“You don’t die from a broken heart, you only wish you did.”
The rate at which people file for divorce in the United States dips during the last months of every year, an occurrence often attributed to the holiday season. Divorce filings then skyrockets in January and ebb in March. While it would seem that people would postpone divorce filing during the month of love, the opposite is true. Most researchers report that February is the busiest month of the year for divorce filings: up 18% over all other months. So, while Valentine’s Day is great for some, it’s like waiting for the hammer to drop for others; as opposed to Cupid’s arrow making a direct hit to the heart. If you are going through a divorce or your gut tells you that one is looming, there are some things to remember to get you through what can be either a breakup or a wakeup moment.
The root meaning of divorce comes from the Latin word “diverte”, which means to “divert”. And with more than three decades of experience representing clients in divorce, along with going through two divorces of my own, I’ve come to believe that divorce is simply a diversion. Although it’s normal to focus on the faults of your partner during a divorce, it’s also an opportunity to focus on the part you have played in your relationship’s demise. Instead of looking at the failure of a relationship as a negative thing, look at it as an opportunity to learn about yourself and what role you have played in its failure. This will help you avoid making the same mistakes again and again.
As Albert Einstein observed: “We can’t solve our problems with the same thinking we used when we created them“.
There are two major reasons we learn about ourselves in an intimate relationship:
Our true personalities come out.
Your personality is more on display with your partner than it is with friends and acquaintances because you don’t spend as much time with them or have the same emotional expectations as those sharing an intimate relationship. If your boyfriend or girlfriend is similar in personality to you, what you learn about them is a reflection of yourself. You wouldn’t normally come to such realizations if you were on your own.
We learn communication is critical.
A relationship is made up of two people who are not mind readers (although one may think they are). A failed relationship teaches you that communication is the key to understanding another person. Without both people communicating well, arguments and agitation are likely to occur over and over again. This may result in one or both people feeling that they’re not valued, appreciated or cared for. When communication fails, the other person’s actions often become too much to handle and thoughts of calling it quits inevitably follow.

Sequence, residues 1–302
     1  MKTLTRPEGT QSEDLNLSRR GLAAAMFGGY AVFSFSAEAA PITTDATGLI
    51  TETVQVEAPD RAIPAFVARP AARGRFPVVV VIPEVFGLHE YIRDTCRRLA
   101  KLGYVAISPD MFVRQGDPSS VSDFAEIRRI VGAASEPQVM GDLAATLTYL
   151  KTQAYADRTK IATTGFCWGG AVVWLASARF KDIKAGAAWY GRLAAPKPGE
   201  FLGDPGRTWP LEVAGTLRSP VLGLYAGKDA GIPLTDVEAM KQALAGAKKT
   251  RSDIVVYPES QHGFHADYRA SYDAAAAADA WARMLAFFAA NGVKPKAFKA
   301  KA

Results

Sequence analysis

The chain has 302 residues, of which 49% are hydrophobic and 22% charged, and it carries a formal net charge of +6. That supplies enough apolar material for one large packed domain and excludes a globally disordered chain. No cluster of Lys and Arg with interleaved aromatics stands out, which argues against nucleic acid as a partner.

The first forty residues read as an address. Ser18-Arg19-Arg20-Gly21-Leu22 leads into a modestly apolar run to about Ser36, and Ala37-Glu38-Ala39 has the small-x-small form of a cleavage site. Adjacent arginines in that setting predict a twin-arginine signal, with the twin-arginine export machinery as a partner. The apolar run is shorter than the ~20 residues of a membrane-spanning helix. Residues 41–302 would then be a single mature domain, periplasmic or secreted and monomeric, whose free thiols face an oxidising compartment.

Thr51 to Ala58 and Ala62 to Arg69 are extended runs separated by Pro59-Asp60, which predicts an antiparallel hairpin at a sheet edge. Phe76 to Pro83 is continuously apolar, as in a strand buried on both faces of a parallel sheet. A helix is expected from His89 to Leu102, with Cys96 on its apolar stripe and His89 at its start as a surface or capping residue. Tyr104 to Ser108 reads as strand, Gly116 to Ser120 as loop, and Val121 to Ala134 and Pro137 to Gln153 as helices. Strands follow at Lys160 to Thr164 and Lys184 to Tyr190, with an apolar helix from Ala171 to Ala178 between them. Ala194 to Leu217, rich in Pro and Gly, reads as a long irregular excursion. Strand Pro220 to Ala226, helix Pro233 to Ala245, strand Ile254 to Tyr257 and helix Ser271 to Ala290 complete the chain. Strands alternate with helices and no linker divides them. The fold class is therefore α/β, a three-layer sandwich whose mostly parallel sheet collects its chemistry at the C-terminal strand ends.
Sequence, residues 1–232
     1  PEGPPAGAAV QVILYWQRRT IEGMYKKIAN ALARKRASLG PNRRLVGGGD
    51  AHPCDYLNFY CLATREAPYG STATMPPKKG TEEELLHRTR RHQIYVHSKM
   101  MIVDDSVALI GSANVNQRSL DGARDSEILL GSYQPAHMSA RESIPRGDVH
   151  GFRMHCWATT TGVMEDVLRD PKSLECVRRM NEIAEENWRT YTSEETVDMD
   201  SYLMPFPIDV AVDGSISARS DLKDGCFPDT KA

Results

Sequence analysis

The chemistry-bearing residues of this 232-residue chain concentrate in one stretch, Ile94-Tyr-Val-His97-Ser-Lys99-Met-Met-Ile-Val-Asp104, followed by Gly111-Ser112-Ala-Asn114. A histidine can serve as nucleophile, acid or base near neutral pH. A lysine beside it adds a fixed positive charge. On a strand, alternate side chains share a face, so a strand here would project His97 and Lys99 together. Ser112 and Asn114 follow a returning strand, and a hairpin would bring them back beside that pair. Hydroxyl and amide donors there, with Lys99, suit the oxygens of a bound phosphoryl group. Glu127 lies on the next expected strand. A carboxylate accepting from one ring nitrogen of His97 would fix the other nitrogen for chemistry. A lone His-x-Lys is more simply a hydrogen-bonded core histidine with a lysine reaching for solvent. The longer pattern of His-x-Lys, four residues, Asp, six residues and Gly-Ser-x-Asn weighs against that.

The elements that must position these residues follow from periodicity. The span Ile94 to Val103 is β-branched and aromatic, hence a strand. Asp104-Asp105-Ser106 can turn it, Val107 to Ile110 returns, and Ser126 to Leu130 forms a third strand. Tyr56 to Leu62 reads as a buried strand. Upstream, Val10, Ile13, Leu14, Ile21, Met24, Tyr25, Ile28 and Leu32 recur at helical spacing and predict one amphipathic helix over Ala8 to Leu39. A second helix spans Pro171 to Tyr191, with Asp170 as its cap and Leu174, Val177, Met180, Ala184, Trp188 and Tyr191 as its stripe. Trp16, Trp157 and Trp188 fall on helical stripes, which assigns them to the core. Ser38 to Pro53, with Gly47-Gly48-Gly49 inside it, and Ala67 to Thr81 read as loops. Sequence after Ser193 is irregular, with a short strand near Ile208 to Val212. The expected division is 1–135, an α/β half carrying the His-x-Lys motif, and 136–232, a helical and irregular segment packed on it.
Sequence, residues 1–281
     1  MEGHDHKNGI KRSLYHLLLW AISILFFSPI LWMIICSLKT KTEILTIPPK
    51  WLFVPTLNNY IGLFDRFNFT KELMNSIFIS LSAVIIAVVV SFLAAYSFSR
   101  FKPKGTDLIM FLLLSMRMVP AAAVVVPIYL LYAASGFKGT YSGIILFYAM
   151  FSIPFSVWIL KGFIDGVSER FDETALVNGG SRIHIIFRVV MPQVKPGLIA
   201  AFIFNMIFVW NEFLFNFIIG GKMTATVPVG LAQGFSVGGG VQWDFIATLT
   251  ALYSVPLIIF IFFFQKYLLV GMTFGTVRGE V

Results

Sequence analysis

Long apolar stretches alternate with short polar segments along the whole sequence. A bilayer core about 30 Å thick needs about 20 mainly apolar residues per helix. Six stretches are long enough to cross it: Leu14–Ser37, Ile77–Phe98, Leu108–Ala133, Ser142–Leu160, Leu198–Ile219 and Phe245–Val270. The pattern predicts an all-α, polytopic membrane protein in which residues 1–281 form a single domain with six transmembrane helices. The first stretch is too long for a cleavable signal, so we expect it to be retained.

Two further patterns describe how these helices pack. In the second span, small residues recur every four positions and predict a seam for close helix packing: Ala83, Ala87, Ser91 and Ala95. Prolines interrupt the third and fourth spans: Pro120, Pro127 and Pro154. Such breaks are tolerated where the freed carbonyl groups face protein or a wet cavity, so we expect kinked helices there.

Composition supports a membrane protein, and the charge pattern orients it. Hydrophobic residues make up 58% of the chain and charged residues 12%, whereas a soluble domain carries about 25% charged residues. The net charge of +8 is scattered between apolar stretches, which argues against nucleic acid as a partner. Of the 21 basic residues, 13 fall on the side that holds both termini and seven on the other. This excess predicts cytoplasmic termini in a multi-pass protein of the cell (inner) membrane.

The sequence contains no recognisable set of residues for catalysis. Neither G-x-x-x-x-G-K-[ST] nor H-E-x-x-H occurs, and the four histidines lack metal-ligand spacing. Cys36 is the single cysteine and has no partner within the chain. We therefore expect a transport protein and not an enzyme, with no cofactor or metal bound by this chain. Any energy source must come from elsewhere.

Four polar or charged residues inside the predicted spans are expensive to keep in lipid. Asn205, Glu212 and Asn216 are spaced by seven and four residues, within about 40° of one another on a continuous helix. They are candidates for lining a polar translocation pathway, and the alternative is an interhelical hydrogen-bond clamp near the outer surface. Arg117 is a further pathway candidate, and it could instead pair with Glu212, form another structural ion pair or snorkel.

Is there Contempt in Your Relationship?
The major takeaway from a failed relationship is to look for signs of contempt in your current relationship. Through careful observation of couples in a relationship, the research laboratory at the Gottman Institute at the University of Washington learned to predict, with more than 90% accuracy, whether a married couple would stay together or get divorced. The researchers’ objective was to pinpoint specific behaviors that lead to divorce in order to help people in difficult marriages change their behaviors, with the goal of saving the marriage. In other words, to convert contempt back to commitment. Dr. John Gottman, the founder of the institute, refers to these behavioural patterns that often lead to divorce as “The Four Horsemen of the Apocalypse”. If these behaviors are not worked on after the failure of one relationship, the success of future relationships will be in jeopardy.
The Four Horsemen are:
An expression of blaming a partner for the problems in the relationship, criticism appears as an attack on a partner’s personality or character. If not addressed, criticism of your partner can escalate to the point of assigning your partner the full lowdown of their flaws as a person, partner, parent, homosapien, primate, mammal…
A response to criticism, defensiveness occurs when a partner feels the need to defend themselves from feelings they perceive when the other person is criticizing them. Defensivness often accompanies anger, hurt and shame.
A person’s withdraw from “the” conversation is often a sign of contempt. This can often resuting in feeling like you are “talking to a wall”.
A response to criticism, stonewalling occurs when a partner feels they need to defend themselves from feeling angry, hurt, or shamed as a result of perceiving the other person is criticizing them.
If you see any of these signs creeping into your relationship at the beginning of it, you’d be well advised to think about ending it.
In a time when the expectation for marriages and partnerships have never been greater, and the chance for their long-term success has never been lower (50% for first marriages, 65% for second, and 75% for third), it’s crucial to know yourself. Remember to treat yourself with kindness, not contempt, before you can work on loving someone else.